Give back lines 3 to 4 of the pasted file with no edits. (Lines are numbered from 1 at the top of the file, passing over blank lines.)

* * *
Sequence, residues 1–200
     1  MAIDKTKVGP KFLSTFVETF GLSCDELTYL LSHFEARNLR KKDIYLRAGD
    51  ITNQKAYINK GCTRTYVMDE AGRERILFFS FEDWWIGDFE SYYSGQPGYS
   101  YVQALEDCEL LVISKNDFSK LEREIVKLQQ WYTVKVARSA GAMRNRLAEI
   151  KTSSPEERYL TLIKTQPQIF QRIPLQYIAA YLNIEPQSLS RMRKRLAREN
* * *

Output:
    51  ITNQKAYINK GCTRTYVMDE AGRERILFFS FEDWWIGDFE SYYSGQPGYS
   101  YVQALEDCEL LVISKNDFSK LEREIVKLQQ WYTVKVARSA GAMRNRLAEI